An article by Sheila Rowbotham for the Irish Times (1999):
The reputation of the 1960s as the “revolutionary decade” is based on the extraordinary May events in Paris in 1968. Images of the French students’ uprising which led to a general strike and came near to toppling de Gaulle have acquired an iconographic quality akin to photographs of Che Guevara and the Beatles.
In fact, the geography of student rebellions during 1968-69 was to be global. Countries such as the Soviet Union and Saudi Arabia, where students remained quiet, were the exceptions. Elsewhere – from Pakistan to the Philippines, from Mexico to Czechoslovakia, from Kenya to the US – they were in revolt.
Higher education was expanding in this period. Moreover, students, being mainly the children of the educated and vociferous middle classes, could make an impact beyond their actual numbers. Indeed, in poor countries students were often from the governing elite and intended for the very military-industrial complex they despised. Articulate revolutionaries, they were inclined to demonstrate in large cities, which meant of course that they were in easy reach of journalists and inquiring academics.
When asked why they were defying their privileged destinies, they spoke at length about how they opposed imperialism and the US war in Vietnam; they were against both the state and capital, wanting democracy at work and in everyday life. They adamantly rejected exams.
Universities should not be “knowledge factories”. They were bored with what the French called “Metro-work-sleep”; they desired a society in which work was art, and art was life, and life was always sexy. Sociologists at the time were unable to decide whether it was the antipode of politics or a new way of seeing politics.
The student rebels of the late 1960s appeared to come out of nowhere. But though they were, indeed, responding to the hereand-now of young people’s lives, the intellectual roots of their politics predated the 1960s.
Among their influences were French thinkers such as Jean Paul Sartre, whose writing linked subjective experience and working-class consciousness, and Andre Gorz, who questioned the idealisation of labour in conventional socialism and argued that modern technology could enable everyone to enjoy more leisure. In the US, the philosopher refugees from Germany such as Herbert Marcuse, who scorned the values of mass consumption, were particularly revered by young, middle-class revolutionaries.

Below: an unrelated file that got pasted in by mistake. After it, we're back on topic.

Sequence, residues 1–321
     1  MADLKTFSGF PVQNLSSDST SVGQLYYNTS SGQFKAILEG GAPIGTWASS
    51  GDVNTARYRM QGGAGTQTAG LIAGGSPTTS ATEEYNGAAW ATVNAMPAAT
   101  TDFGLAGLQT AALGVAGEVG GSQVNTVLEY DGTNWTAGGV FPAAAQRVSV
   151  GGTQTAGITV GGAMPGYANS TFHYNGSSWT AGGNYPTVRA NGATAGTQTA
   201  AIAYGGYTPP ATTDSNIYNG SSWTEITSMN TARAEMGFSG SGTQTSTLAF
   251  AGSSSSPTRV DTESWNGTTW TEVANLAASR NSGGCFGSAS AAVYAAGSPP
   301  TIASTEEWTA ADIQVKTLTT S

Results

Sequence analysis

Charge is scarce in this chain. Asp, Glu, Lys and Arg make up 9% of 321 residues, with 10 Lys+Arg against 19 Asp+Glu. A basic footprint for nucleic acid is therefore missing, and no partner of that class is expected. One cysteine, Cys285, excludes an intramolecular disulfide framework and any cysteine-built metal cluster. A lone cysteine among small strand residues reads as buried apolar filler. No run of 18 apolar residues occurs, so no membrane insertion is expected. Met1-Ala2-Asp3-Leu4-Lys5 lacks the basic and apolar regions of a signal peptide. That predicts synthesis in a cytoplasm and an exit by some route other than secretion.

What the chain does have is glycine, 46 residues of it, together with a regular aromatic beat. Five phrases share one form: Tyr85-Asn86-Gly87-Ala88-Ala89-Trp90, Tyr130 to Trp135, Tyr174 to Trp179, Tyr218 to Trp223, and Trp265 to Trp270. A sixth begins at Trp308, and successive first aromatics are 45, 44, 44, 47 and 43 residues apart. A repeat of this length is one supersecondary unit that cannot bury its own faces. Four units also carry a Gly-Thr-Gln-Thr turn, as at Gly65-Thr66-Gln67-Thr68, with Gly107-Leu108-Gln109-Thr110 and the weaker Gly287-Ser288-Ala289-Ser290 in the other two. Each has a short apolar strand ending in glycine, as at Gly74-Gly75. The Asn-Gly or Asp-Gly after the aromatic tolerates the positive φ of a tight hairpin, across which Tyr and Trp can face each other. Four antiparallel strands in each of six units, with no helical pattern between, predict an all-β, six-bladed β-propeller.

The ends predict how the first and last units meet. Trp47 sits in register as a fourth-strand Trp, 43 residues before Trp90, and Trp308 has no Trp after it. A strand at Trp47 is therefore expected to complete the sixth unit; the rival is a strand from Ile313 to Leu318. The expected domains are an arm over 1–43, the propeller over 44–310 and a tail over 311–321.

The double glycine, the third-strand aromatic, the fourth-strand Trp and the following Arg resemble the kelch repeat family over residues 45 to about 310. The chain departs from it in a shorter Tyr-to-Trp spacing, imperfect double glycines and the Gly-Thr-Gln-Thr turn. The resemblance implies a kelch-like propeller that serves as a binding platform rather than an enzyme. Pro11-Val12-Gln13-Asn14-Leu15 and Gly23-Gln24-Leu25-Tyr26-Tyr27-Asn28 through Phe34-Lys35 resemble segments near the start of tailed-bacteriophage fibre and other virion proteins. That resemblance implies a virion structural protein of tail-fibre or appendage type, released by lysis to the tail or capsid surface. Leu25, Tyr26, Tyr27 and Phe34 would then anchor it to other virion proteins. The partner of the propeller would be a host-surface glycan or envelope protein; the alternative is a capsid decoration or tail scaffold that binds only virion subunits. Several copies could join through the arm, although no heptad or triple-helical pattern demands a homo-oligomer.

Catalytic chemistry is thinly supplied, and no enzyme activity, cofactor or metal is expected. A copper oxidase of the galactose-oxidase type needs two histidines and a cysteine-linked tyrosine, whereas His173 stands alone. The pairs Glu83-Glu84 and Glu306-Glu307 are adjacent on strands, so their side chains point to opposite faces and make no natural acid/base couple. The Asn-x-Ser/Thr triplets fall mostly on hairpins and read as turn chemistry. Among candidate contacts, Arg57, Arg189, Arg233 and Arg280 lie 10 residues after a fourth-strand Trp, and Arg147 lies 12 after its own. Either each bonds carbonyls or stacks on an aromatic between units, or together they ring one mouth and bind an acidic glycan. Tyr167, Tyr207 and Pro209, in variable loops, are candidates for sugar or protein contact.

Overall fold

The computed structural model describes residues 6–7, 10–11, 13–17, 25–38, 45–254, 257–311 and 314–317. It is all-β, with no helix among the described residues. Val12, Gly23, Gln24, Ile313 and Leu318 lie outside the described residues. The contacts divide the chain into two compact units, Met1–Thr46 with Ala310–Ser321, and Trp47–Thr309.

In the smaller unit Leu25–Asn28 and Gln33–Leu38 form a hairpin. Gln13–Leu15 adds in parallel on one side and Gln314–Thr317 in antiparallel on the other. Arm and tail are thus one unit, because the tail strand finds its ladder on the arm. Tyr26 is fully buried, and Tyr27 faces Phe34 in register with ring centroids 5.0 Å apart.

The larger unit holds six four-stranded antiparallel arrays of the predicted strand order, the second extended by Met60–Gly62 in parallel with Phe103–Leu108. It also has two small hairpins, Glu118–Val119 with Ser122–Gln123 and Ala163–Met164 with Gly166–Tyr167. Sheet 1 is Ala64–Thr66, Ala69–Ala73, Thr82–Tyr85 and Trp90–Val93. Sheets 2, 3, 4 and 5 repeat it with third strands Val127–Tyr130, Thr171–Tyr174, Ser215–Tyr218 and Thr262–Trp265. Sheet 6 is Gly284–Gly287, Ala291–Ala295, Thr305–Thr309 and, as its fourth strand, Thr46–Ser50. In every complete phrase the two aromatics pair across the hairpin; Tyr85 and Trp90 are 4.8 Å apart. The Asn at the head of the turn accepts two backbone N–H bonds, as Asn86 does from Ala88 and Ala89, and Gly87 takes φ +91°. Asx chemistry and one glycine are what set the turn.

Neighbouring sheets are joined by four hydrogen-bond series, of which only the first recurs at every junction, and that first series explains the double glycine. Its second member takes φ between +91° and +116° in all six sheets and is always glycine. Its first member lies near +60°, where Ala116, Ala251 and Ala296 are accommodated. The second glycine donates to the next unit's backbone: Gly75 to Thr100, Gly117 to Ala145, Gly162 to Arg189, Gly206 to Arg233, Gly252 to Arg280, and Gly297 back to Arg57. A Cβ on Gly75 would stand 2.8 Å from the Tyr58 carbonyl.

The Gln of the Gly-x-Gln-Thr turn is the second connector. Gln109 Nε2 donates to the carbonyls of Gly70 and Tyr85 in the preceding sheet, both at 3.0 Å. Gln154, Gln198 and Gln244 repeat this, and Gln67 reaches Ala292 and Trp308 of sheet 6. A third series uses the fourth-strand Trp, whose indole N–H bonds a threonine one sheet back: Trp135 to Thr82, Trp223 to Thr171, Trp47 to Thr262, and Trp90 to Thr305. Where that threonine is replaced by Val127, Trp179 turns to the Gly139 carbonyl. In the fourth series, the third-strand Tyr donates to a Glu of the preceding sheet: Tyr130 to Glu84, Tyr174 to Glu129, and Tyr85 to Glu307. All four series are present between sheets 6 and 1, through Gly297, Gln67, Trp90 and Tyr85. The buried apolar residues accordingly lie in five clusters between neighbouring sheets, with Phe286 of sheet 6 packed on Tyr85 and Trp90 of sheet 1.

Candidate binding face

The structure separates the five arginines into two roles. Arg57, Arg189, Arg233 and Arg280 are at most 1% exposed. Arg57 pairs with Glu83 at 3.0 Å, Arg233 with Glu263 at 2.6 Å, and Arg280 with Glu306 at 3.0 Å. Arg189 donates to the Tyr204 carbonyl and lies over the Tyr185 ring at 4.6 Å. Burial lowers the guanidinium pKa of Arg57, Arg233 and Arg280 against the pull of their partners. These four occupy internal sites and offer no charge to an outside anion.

Retrospective looks at the 1960s have tended to focus on 1968. Yet the events of that year came out of many differing contexts. For instance, Mexico – where 50 demonstrators were killed in October 1968 – had, like many other Latin American countries, a bitter history of arbitrary political rule. And Prague, where Russian tanks crushed “socialism with a human face” in August 1968, possessed a longstanding, left-wing tradition of anti-Stalinism.
The tactics and forms of protest which surfaced in 1968 actually drew on precedents. The Parisian students repeated lessons learned during the manifestations of the early 1960s against the Algerian war. In Britain, the memories of direct action in the peace movement of the early 1960s acquired a new resonance. “Don’t demand, Occupy,” declared the cover of the British left-wing paper Black Dwarf in 1968. Taking space through direct action, creating alternative visible symbols about how life could be lived, were persistent themes in 1960s radicalism. They came from many different sources, including artistic avantgardes, but their political inspiration was undoubtedly the civil rights movement.
A historic challenge to spatial power occurred in February 1960 at a Woolworth’s store in Greensboro, North Carolina, when four freshmen from an all-black college asked for a coffee. “I’m sorry but we don’t serve coloreds here,” the waitress told them. Franklin McCain, who had just bought some toothpaste, argued back. “I beg your pardon, but you just served me at a counter two feet away.” The sit-ins at lunch counters which were to provoke such violence from white Southerners and transform the Constitution of the United States, started from the action of four brave young men.